Searching for your missing daughter is a tough job anywhere, but on the streets of Baghdad after the US invasion? It’s enough to get you killed.
28 May 2020 - 11:14 AM  UPDATED 17 Mar 2021 - 3:21 PM

It’s March 2003, and the US is on the brink of invading Saddam Hussein’s Iraq. As a Baghdad detective, widower Muhsin al-Khafaji (Waleed Zuaiter) is officially part of the regime they want to topple. Taking his two daughters to a birthday party, the eldest, Sawsan (Leem Lubany), has high hopes for the looming invasion. “Let them come,” she says, “It will mean freedom. Democracy.” Eight months later Saddam is gone, Sawsan is missing and al-Khafaji is being tortured by the Americans. Welcome to Baghdad Central.

Even after almost two decades, it’s still rare to see a take on the Iraq invasion that puts Iraqis at the centre of the story. A dual-language thriller (al-Khafaji speaks Arabic while he’s on the job, and English at home and when dealing with his bosses), its focus on the Iraqi suffering under the invasion – and its decidedly unheroic presentation of the invaders – is a refreshingly current take on the recent past. But Baghdad Central also proudly taps into another, older storytelling tradition: film noir.

Don’t be fooled by the harsh sun and desert air, the sweaty characters and wild west attitude of the occupiers. Right from the start this series is firmly on classic noir turf, with al-Khafaji as the battered detective with a dark past and a fondness for hard liquor. Sawsan hasn’t been seen since she left for university two days ago; now he has a case to solve, and this time its personal. Turns out she was working as a translator for the Americans, and in Iraq that’s the kind of side hustle that can get you killed. A lot of the locals still see that as assisting the enemy, and the Americans are rapidly proving themselves to be more (or less) than the freedom-loving liberators Sawsan hoped for.

That’s only the start of the mystery, especially once Sawsan’s professor – who’s something of a femme fatale – Zubeida Rashid (Clara Khoury) appears on the scene. Like all femmes fatale, she clearly knows more than she’s willing to say. “Women in today’s Iraq have a habit of disappearing,” she tells him, and there’s a whole world of layers just in that one line.

Part of the pleasure of Baghdad Central is watching the way that this gritty, real-life thriller breathes new life into noir’s classic traditions. When you’re a gumshoe working a case, it’s traditional to get hauled off and worked over by a gang of thugs who don’t like what you’re up to. Here those thugs are the US military, who smash through his door, throw him down, cuff him, drag him off to a detention centre and proceed to torture him. That dapper moustache he was sporting? They literally tear it off his face.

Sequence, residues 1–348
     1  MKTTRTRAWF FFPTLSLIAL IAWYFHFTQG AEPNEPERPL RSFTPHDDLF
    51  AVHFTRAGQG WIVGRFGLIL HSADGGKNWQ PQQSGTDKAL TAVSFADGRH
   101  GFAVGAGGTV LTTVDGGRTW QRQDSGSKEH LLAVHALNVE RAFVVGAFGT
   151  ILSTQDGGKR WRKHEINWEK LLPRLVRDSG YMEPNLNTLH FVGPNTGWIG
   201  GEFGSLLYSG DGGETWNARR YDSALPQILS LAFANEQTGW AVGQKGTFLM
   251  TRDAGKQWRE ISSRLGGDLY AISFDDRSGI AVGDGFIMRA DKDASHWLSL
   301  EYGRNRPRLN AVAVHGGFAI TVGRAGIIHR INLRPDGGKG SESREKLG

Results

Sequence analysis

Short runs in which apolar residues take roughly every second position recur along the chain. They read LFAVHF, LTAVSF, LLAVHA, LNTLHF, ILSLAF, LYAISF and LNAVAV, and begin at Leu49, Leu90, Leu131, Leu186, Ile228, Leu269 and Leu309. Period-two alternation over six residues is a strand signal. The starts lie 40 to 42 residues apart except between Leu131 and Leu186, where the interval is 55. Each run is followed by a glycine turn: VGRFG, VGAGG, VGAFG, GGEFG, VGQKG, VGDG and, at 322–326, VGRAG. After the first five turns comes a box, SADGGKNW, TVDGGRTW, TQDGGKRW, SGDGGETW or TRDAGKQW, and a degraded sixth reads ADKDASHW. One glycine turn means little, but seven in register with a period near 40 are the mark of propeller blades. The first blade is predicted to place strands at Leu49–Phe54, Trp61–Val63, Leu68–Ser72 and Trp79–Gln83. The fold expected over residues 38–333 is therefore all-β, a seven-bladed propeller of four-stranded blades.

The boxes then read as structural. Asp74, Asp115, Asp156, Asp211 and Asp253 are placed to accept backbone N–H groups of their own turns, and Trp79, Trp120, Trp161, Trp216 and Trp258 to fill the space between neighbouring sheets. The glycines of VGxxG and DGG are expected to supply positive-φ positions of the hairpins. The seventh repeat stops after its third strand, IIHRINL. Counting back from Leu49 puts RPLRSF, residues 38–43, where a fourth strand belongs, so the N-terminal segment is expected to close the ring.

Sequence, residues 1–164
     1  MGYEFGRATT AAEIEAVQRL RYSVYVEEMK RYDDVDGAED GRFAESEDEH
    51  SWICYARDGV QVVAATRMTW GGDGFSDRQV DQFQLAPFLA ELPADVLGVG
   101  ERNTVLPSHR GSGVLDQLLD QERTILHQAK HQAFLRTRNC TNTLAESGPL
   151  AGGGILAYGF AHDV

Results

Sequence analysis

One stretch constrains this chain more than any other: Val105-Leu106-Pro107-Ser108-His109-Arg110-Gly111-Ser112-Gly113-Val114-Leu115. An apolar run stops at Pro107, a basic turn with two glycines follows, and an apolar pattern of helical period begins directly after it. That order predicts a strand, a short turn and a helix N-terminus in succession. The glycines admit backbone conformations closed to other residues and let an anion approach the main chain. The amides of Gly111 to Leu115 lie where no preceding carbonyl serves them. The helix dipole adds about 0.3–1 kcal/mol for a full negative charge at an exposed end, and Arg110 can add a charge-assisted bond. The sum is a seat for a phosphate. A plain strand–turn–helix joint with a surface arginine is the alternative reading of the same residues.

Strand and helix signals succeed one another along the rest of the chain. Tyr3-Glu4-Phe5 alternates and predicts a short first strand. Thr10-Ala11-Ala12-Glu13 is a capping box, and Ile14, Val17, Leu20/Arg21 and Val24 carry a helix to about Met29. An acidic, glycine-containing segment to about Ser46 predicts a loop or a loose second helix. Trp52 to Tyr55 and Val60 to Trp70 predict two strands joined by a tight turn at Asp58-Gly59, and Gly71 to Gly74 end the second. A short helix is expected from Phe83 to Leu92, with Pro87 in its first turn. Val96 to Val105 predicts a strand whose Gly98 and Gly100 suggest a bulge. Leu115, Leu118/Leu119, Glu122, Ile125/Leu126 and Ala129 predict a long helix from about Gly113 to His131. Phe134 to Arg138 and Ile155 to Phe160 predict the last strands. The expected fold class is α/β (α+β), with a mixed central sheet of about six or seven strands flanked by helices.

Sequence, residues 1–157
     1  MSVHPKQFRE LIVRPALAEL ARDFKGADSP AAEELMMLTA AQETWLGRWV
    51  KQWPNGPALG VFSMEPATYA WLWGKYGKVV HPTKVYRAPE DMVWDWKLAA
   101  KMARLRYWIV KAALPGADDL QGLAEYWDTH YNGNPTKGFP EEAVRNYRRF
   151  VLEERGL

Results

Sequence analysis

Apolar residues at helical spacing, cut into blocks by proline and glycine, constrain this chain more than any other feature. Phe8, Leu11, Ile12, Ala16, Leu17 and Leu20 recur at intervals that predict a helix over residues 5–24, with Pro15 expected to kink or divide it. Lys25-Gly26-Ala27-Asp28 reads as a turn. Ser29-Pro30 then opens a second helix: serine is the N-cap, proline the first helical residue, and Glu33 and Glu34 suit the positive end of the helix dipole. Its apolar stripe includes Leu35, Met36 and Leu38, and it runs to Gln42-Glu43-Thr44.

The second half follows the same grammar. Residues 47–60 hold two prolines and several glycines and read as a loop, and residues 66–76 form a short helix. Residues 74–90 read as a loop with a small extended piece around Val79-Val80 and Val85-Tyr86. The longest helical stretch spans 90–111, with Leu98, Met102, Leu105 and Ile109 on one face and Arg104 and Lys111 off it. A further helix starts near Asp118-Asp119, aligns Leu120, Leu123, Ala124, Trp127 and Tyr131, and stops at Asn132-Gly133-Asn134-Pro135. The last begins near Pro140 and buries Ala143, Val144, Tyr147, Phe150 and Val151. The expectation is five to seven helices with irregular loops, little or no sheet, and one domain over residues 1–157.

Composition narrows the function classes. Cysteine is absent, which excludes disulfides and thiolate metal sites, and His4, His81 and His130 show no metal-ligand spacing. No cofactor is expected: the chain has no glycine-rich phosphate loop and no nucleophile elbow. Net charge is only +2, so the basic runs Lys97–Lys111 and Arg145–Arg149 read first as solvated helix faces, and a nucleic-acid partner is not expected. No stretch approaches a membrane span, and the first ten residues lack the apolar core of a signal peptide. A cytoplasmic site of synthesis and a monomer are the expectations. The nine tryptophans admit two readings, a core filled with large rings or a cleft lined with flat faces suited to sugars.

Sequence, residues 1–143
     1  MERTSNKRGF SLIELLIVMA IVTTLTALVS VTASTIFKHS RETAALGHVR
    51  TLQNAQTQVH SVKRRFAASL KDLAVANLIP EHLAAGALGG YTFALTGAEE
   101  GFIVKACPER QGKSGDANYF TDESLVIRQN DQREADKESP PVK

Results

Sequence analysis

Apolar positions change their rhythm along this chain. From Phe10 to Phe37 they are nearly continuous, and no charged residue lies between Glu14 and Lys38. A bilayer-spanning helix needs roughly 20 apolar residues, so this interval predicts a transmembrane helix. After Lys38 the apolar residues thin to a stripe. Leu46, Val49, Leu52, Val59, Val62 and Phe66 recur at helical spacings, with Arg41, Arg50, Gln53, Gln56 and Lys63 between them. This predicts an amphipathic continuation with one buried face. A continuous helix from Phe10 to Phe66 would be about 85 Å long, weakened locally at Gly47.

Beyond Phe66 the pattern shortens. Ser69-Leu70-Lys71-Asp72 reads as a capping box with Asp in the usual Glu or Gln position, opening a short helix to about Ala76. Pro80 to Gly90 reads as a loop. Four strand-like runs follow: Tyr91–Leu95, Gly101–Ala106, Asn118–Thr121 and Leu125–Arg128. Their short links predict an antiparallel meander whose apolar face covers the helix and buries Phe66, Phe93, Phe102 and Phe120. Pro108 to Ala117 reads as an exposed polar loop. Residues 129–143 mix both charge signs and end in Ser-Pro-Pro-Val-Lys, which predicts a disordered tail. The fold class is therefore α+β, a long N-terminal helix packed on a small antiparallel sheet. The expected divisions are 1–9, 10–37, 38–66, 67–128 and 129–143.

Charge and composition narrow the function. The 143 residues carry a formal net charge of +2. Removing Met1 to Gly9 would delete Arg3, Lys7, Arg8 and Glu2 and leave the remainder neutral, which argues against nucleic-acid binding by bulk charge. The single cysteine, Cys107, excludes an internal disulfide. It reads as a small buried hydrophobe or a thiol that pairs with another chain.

Once al-Khafaji has been given a solid going-over, he’s faced with the kind of dilemma that makes noir so compelling, as former Scotland Yard copper Frank Temple (Bertie Carvel) turns up and offers him a job. He’s putting the Baghdad police force back together, and al-Khafaji is exactly the kind of man he’s looking for. If he accepts, there’ll even be medicine for his younger daughter Mrouj (July Namir), who needs regular dialysis. And while becoming a tool of the oppressor is exactly the kind of thing that will get you killed in a city where teenagers are arming themselves with automatic weapons to defend their neighbourhoods, it’s not like he has any real choice. Or, as it rapidly becomes clear, any real power.

The series has some fun with noir’s lighter traditions too. Al-Khafaji even has cab driver Karl (Youssef Kerkour) to take him around and banter with. But what makes this a classic noir is the murky moral landscape al-Khafaji finds himself stuck in. Baghdad has become a menacing city driven by fear and paranoia, and for many the choice after the fall of Saddam is a stark one: work with the occupying forces and risk death, or starve. The line between terrorist and patriot isn’t so much blurred as non-existent, and keeping your head down and focusing on survival isn’t always an option.

On the other side, the invaders are a uniformly (and bracingly) nasty bunch, including US military police captain John Parodi (Corey Stoll), who like everyone else is clearly hiding something. It’s hard to imagine what though, as the occupiers aren’t exactly shy about hiding their contempt for the Iraqis and their desire to trample their culture underfoot while looting their country.

Stuck in the middle of a city on a knife-edge, al-Khafaji just wants to find out what happened to his daughter. He might seem like a mild-mannered, thoughtful man, but he was also a police officer working for Saddam Hussein’s regime. When pushed, who knows what he’s capable of? After all, noir heroes do have a habit of coming out on top.

See Baghdad Central  Thursdays 10.55pm from 8 April on SBS. Season 1 is also streaming at SBS On Demand.


Follow the author here: @morrbeat

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